BRITS face battling floods and downpours for two days with up to three inches of rain falling in hours today.
The Met Office has issued a yellow weather warning for today from 3pm which lasts until midday on Saturday.
Spray from the rain and flooding is expected to make driving conditions difficult and could see some roads being closed.
There is also a chance of train and bus services either being delayed or cancelled in the flooded areas.
The warning added there was a small chance that homes and businesses could be flooded, causing some buildings to be damaged.
Currently, the UK is trying to recover from the joint hottest summer on record.
More than 400mm of rainfall is needed in southern England to reach the average amount of rain for the year, which would require the region to experience the wettest autumn ever.
So far, 2022 has been the driest since 1976.
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Those more remote parts could see some snowfall on higher ground although it is not expected to cause any disruption.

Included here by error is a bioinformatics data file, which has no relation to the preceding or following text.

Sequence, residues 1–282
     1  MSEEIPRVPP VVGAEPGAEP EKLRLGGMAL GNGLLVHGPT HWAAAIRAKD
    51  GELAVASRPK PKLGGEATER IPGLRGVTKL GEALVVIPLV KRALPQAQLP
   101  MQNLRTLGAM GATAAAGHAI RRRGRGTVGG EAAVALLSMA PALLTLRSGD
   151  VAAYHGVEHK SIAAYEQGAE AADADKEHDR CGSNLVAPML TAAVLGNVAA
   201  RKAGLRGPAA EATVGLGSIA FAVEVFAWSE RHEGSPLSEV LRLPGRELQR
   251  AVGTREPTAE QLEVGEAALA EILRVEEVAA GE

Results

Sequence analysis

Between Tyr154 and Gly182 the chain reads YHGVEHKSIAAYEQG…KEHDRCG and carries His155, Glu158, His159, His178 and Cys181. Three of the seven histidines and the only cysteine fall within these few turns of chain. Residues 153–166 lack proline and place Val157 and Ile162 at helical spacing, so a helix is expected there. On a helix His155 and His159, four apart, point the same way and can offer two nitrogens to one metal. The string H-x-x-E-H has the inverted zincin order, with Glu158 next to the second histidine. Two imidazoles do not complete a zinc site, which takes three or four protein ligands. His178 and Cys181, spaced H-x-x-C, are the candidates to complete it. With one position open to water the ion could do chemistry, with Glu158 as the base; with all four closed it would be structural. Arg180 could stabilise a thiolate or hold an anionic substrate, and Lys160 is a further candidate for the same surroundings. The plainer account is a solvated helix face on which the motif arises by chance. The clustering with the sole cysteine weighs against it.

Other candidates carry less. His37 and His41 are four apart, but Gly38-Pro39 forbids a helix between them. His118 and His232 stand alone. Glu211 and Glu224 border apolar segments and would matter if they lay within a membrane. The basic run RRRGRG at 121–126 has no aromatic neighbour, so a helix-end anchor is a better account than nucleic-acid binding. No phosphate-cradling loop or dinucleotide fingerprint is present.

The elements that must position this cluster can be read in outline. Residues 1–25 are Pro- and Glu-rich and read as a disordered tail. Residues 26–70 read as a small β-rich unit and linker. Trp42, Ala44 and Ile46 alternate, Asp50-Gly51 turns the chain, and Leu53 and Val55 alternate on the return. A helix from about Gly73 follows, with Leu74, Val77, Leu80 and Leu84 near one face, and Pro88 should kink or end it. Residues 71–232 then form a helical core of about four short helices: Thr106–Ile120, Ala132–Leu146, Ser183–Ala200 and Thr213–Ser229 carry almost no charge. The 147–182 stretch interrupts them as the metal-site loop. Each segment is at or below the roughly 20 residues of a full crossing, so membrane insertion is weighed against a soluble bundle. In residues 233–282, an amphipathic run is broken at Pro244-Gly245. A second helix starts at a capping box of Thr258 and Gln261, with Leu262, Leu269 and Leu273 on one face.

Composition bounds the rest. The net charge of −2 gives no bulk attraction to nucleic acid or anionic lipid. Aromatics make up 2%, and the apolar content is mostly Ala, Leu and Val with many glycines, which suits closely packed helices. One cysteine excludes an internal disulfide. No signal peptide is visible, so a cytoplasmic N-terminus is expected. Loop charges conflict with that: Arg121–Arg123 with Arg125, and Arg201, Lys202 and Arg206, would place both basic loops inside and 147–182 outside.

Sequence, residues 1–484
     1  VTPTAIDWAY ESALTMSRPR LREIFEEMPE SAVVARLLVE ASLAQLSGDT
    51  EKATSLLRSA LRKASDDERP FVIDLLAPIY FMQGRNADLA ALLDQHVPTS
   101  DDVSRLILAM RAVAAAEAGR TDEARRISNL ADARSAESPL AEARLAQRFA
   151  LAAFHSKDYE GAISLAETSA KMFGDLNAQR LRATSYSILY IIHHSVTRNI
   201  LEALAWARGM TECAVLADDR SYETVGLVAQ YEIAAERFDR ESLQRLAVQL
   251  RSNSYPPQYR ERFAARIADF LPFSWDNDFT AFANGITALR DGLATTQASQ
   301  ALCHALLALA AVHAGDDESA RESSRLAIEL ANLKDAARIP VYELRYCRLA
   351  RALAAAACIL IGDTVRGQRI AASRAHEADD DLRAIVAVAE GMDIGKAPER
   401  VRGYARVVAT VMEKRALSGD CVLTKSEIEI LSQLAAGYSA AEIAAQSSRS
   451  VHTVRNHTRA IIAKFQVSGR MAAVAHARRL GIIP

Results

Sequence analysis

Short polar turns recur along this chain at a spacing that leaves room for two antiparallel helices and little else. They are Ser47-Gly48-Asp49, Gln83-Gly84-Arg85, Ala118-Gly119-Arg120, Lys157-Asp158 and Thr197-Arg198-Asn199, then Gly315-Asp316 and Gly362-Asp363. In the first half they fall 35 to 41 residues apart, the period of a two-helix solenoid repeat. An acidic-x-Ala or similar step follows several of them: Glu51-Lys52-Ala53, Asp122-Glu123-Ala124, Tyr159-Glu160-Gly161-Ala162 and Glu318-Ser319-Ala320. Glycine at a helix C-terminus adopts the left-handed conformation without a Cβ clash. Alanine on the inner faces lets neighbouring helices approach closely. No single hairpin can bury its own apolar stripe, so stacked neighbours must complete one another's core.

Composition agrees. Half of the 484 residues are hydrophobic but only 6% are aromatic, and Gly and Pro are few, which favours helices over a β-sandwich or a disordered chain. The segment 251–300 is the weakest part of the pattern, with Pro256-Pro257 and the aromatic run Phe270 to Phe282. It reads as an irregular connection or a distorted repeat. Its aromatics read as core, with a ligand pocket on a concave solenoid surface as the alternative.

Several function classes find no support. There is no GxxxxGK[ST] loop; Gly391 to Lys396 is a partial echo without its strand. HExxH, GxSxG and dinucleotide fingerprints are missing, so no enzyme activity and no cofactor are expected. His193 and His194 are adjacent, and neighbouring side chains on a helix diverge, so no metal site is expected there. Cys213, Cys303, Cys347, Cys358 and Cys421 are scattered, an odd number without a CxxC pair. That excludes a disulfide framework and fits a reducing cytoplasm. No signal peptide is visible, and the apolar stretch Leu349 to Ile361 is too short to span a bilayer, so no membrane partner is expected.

Other parts of the UK could see night time temperatures down to single figures.
Eastern parts are likely to see some showers although at the start of the weekend things should be drier and brighter and a band of high pressure comes in from the West but it will still be cold due to a north-westerly air flow coming in.
Low pressure on Sunday could bring a risk of gales and heavy rain for the northern part of Scotland.
For most though Sunday will remain dry and bright.
The unsettled weather is forecast to continue into the early part of next week.
Met Office forecaster Aidan McGivern said: “Across the UK temperatures are going to be below average for the second half of the weekend and into Monday as well as Tuesday.”
He said it would be “most likely the coldest air of the season so far.”
Mr McGivern added: “It’s certainly going to feel cold first thing with a touch of frost in the North and chilly winds.”
Tuesday is forecast to be the coldest of the season so far as the unsettled weather continues although temperatures are then expected to pick up as the week progresses.